West Coast singer Mark Winkler
[Cafe Pacific Records, 2011]) heard David Basse and immediately signed him to his Cafe Pacific Records. Uptown
is the first product of this partnership and, for the sake of the male jazz singer, does not come a moment too soon. There exists a huge disparity between female and male singers singing "serious" jazz. For the sake of context, the serious male jazz singers include Mark Murphy
and Jon Hendricks
(both in the autumn of their spectacular careers) as well as Kurt Elling
and Andy Bey
(still vital). The vast majority of what passes for as male jazz singers are more cabaret singers, the finest ones including Jim Caruso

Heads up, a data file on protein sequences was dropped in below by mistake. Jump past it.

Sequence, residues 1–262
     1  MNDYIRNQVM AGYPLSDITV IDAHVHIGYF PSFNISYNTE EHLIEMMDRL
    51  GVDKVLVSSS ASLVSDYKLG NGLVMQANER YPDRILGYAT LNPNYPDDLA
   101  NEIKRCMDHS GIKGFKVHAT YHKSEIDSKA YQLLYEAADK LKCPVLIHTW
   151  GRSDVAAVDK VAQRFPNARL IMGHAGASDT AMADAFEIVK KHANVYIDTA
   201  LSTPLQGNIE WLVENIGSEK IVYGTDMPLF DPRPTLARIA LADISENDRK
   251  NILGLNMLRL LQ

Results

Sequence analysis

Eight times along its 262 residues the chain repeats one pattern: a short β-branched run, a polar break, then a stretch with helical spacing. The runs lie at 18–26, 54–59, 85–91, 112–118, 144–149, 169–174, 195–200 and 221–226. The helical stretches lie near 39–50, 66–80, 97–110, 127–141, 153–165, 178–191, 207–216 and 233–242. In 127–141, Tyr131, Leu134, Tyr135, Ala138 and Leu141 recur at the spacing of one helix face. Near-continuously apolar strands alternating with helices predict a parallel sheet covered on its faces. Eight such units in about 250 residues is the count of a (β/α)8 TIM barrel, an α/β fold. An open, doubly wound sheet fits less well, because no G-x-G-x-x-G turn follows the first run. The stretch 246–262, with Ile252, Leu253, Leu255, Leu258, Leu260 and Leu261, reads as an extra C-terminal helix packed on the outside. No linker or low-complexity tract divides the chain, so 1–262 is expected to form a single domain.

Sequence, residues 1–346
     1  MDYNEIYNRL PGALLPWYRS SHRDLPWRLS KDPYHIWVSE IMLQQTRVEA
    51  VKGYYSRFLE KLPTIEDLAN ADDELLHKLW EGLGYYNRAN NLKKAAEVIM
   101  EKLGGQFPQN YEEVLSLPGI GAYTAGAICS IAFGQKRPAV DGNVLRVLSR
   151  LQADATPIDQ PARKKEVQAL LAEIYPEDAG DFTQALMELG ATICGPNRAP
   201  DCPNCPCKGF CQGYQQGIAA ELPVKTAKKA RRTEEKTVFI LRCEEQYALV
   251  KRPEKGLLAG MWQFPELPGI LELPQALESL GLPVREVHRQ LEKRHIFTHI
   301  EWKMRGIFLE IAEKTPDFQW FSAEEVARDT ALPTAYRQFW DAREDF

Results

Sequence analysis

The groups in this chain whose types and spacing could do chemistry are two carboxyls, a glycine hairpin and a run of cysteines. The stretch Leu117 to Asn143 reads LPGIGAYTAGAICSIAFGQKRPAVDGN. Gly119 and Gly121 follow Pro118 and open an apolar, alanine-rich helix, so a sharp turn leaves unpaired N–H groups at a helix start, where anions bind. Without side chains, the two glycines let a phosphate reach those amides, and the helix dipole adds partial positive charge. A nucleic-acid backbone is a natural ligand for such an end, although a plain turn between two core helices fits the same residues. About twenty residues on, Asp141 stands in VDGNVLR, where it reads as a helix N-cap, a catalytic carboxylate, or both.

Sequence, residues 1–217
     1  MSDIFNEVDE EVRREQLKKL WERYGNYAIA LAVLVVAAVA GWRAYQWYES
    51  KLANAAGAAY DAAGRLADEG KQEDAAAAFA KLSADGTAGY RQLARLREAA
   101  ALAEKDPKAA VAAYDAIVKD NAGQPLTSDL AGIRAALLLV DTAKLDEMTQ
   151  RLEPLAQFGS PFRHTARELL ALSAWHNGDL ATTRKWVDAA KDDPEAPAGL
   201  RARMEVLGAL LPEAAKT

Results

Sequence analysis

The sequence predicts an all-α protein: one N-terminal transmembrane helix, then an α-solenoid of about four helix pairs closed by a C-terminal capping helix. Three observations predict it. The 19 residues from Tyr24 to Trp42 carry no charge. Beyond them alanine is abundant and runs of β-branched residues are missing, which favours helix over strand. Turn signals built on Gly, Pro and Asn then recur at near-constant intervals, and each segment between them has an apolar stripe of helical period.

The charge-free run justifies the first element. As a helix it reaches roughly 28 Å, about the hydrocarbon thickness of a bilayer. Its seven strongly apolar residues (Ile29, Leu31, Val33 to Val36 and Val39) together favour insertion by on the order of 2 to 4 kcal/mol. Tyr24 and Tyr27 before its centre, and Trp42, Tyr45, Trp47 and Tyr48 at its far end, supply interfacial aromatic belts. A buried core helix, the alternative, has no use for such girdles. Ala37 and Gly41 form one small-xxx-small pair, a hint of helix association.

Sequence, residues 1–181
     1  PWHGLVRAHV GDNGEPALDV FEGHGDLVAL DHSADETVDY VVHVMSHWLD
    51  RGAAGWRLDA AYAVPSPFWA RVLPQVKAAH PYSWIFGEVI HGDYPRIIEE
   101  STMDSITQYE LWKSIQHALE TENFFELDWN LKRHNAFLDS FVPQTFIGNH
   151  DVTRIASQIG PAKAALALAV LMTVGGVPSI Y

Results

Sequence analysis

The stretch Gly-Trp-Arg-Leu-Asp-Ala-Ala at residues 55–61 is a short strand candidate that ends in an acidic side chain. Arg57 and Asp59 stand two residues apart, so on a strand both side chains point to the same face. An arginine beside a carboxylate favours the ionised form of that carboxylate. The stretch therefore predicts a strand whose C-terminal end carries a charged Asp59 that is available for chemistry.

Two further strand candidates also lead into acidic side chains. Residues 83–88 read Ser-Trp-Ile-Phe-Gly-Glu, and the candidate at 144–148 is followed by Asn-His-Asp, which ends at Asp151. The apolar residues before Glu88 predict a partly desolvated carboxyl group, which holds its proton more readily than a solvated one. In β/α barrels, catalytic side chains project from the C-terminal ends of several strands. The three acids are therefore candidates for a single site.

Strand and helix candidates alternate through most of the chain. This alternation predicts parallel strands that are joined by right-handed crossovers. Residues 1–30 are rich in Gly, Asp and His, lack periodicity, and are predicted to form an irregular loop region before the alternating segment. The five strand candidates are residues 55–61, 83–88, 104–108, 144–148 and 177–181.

(The Swing Set
[Yellow Sound Music, 2011]) and the aforementioned Winkler.
Basse has one of those confident yet moody voices that totally lacks self-consciousness, something necessary for jazz vocals. His recital on Uptown
is a compelling collection of standards and originals tending toward a more conservative (read that: mainstream) vein of vocal performance. However, Basse is not afraid to take on King Pleasure
and his brilliant adaptation of Charlie Parker
's "Parker's Mood." In doing so, Basse pays special homage to those artists and the art of vocalese, a dying art in competency. Add the presence of Parker scholar Phil Woods
and a sublime performance emerges. A perfect union of the blues in jazz, Woods introduces the piece with a chorus of the real thing. Pianist Mike Melvoin
and Woods get grand solo space and proceed to show why this "old music" is so important. Basse plays things pretty straight without harnessing the ebullient personality of Pleasure, Parker, the blues, or jazz.
David Basse: vocals; Phil Woods: alto saxophone; Mike Melvoin: piano;
Steve Gilmore: bass; Bill Goodwin: drums.